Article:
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2013-09-01 message

posted Sep 17, 2013, 12:30 PM by St. John's Webmaster   [ updated Sep 17, 2013, 12:30 PM ]

The next element of St. Paul’s description of love can be a bit tricky. It has been translated as “love does not behave rudely” or “does not dishonor others.” The Greek expression is “οὐκ ἀσχημονεῖ.” The verb ἀσχημονέω is translated as to “behave unseemly, disgrace oneself.” The King James translation does indeed translate this as “love doeth not behave itself unseemly.” Few, if any, of the modern translations retain this nuance, and I am afraid that we lose something important in translation here.

The idea of dishonor implies a significant offense. The first definition of the word ‘rude’ is “discourteous or impolite, especially in a deliberate way.” Likewise, the first definition of the word ‘unseemly’ is “not in keeping with established standards of taste or proper form.” Because of this difference in nuance, it seems to me that the standard of love is lowered when we simply try not to dishonor or not be rude. The goal of Christian love is to live within the established standards of Orthodox Christian behavior. It is, if I may put it this way, the difference between being our brother’s keeper (as Cain was not in Genesis 4), and acting without any specific consideration for those around us.

I should specify that I am speaking here of Orthodox Christian behavior because of several examples from outside of Orthodoxy where behavior that should not be considered Christian is endorsed either officially by churches, or by high-ranking clergy. One recent example is the Archbishop of York, the second-highest cleric in the Church of England, effectively endorsing the out-of-wedlock cohabitation of Prince William and future bride Kate by saying that nowadays people “want to test the milk before they buy the cow.”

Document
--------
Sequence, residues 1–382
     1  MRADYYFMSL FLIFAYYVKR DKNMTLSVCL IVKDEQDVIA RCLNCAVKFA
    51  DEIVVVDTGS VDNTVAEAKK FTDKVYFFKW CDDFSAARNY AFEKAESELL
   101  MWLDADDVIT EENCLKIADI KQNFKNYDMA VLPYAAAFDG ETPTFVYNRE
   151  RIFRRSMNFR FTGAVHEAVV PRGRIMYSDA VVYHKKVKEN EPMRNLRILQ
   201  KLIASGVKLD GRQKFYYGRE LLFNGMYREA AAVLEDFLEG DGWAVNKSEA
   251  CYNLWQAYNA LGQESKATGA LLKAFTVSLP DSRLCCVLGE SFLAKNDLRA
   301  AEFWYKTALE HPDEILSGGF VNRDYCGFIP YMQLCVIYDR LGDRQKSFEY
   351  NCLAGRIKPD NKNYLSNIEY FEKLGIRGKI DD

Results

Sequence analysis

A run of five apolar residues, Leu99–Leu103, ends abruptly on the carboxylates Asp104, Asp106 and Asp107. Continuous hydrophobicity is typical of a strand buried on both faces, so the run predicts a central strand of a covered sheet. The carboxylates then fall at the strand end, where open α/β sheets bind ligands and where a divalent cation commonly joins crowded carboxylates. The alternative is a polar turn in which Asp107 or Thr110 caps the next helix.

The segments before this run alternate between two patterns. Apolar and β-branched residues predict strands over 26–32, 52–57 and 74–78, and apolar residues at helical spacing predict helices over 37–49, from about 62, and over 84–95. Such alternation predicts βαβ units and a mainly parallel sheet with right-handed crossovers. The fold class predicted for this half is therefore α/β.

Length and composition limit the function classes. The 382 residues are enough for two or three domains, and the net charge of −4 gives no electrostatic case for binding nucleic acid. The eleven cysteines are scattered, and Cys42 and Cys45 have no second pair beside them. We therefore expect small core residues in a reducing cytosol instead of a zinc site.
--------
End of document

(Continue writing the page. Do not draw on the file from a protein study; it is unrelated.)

To end, let us consider an example of the difference between being rude and being unseemly. I have had several unrelated opportunities recently to read about or discuss the topic of clothing and its effects on others. It seems to me that today very little in the form of clothing is considered rude. However, we pray God to “lead us not into temptation.” It is therefore seemly for a Christian to consider whether the manner of his or her clothing would lead others into temptation, keeping in mind that thoughts do not need to become action in order to be sin.

May we always consider our actions and choose that which is according to true Christian love.

With love in Christ,
+Fr. Peter